in the past, I have done something along the lines of what your saying with the test light ^^. but instead of hooking to the trucks battery ?, I just clipped it to the truck right there on the rear for a solid ground, then carefully tested each prong while turning lights on, turn signals, brake lights ( you can use a stick to press the brake pedal if alone ? ), one by one, I would see if I was getting power through the trailer plug ?, if I was ?, then I would know its on the trailer side.
That usually works.  If anything is showing power, you know you've got a good ground connection on your truck.  But if nothing is showing power, the best way I know to be Absolutely Certain I have a good ground is on the ultimate destination - the truck's battery ground.

By the way, instead of trying to press the brake pedal when alone, you can just turn on your emergency flashers.  That's the same circuit as the brake lights and turn signals. 
Jim
------------------------------------
2006 Silverado SRW 1-Ton 4WD Diesel
2006 Arctic Fox 29V
1985 Brawley 2-Horse Straight-Load Trailer

Rocketcharlie

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Re: Trailer lights
« Reply #22 on: May 06, 2017, 08:42:29 AM »
OK, you folks have been terrific help, so I feel I need to conclude this story, even though it is a little embarassing.  I thought the chance that the tail lights, turn signals, brake lights, clearance lights, license plate light all would have bad bulbs was about the same as winning the lottery.  However that seems to be the case.  I went to try the ground wire from the battery trick mentioned earlier, and when I started  to wiggle a bulb to remove it, it came on!  I have cleaned up corrision on the terminals and bulbs, replaced a couple of bulbs and it's all good.

Thanks to all who have tried to help this rookie!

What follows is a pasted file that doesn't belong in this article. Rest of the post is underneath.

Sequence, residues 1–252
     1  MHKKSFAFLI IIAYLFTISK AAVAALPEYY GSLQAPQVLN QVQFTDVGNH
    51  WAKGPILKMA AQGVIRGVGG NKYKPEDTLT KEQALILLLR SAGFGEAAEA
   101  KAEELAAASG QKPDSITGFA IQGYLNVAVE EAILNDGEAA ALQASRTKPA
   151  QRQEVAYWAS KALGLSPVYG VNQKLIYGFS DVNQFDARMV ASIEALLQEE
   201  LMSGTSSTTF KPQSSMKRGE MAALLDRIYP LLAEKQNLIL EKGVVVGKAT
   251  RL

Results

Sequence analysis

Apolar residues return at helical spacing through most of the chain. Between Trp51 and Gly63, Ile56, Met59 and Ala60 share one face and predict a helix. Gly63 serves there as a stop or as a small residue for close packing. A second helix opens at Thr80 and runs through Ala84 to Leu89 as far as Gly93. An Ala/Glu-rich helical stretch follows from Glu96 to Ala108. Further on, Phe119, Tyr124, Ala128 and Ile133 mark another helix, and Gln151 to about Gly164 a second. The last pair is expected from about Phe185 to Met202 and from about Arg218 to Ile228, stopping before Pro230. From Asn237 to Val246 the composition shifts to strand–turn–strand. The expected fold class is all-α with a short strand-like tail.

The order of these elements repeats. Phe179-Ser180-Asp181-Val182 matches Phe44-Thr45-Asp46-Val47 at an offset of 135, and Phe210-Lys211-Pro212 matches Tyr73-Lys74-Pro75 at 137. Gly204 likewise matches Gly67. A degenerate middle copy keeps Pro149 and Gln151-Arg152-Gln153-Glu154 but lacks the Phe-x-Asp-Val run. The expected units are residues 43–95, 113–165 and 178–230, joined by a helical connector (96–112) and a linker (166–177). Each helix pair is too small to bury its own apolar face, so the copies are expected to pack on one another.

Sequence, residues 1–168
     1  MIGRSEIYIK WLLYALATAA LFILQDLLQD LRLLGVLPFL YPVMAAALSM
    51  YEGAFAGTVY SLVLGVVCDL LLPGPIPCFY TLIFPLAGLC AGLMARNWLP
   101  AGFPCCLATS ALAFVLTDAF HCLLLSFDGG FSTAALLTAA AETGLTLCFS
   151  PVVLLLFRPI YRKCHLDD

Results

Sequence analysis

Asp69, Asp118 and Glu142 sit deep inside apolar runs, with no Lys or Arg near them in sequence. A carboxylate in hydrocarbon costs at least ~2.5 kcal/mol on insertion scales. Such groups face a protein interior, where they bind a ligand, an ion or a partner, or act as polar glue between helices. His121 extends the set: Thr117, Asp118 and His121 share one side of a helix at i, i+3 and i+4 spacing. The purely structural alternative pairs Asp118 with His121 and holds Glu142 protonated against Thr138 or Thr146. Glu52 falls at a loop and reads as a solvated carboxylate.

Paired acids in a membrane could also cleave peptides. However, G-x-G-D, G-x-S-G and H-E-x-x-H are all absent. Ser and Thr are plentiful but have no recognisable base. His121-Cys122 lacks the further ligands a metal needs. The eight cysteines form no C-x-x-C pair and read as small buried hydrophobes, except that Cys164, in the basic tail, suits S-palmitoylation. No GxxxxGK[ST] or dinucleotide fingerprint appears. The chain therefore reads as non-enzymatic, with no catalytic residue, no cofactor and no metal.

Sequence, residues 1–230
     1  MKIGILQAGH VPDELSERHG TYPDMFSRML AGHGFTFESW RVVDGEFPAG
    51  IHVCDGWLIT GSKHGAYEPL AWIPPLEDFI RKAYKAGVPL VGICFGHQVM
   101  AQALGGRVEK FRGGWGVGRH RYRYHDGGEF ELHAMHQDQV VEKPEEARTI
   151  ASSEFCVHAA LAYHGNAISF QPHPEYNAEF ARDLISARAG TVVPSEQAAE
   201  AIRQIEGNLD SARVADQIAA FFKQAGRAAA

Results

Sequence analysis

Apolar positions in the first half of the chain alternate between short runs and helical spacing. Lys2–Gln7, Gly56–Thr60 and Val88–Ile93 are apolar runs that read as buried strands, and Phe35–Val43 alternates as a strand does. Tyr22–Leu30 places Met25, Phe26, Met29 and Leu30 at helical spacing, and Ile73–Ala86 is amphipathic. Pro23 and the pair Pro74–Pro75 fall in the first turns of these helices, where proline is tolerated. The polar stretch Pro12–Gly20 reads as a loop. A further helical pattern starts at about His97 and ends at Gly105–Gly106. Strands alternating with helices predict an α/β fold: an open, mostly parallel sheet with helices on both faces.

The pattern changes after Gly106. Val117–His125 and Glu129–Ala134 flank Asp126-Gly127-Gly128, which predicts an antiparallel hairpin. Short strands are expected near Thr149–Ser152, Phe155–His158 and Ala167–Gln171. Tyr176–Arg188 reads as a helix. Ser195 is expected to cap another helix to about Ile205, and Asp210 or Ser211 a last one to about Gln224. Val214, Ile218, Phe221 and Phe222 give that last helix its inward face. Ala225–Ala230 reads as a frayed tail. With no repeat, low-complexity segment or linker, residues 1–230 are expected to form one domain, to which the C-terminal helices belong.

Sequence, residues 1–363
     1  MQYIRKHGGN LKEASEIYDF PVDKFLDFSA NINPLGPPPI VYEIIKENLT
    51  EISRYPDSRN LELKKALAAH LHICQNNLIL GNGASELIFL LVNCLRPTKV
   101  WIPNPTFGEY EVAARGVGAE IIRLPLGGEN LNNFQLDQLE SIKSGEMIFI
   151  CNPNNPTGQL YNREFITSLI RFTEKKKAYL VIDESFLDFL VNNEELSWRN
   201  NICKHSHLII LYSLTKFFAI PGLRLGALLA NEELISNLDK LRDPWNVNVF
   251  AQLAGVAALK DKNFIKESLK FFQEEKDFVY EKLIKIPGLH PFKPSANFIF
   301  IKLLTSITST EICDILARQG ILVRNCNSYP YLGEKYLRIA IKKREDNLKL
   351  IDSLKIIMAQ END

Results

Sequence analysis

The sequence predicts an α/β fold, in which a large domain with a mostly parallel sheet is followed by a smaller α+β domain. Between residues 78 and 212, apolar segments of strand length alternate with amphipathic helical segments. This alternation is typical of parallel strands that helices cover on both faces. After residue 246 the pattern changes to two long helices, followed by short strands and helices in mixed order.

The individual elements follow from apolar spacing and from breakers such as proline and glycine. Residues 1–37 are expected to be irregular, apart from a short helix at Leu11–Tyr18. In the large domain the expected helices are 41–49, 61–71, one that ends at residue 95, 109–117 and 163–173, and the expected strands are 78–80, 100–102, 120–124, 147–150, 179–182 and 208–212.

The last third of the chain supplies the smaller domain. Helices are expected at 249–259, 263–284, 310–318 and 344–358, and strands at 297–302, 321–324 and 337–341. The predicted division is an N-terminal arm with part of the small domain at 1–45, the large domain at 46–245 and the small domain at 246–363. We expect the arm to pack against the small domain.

Charlie

grashley

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  • Western KY for now.
Re: Trailer lights
« Reply #23 on: May 06, 2017, 09:21:50 PM »
Rule #1  Check the easy and cheap things FIRST!!

Glad you did that and thank you for letting us know what you found!  We may refer to this post when somebody says it can't be the bulbs!
Preacher Gordon, DW Debbie
09 Grand Junction 35 TMS  Progressive HW50C
Andersen Ultimate hitch
2013 F350 Lariat LB SRW Supercab diesel 4X4   TST TMS  Garmin 760
Nimrod Series 70 popup (sold)
It's not a dumb question if you do not know the answer.

alan6051964

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  • Posts: 224
Re: Trailer lights
« Reply #24 on: May 08, 2017, 09:21:58 PM »
OK, you folks have been terrific help, so I feel I need to conclude this story, even though it is a little embarassing.  I thought the chance that the tail lights, turn signals, brake lights, clearance lights, license plate light all would have bad bulbs was about the same as winning the lottery.  However that seems to be the case.  I went to try the ground wire from the battery trick mentioned earlier, and when I started  to wiggle a bulb to remove it, it came on!  I have cleaned up corrision on the terminals and bulbs, replaced a couple of bulbs and it's all good.

Thanks to all who have tried to help this rookie!

Charlie
thanks for the follow up !. yeah, bad bulbs can happen !. I just installed all new lights all the way around my TT. then I was not getting the rear end to work ?. finally got it going, the trouble was the wires were not the same from old light to new light at the stop,turn,brake ?, but I got it figured out, all good now.
1992 22ft Fleetwood wilderness TT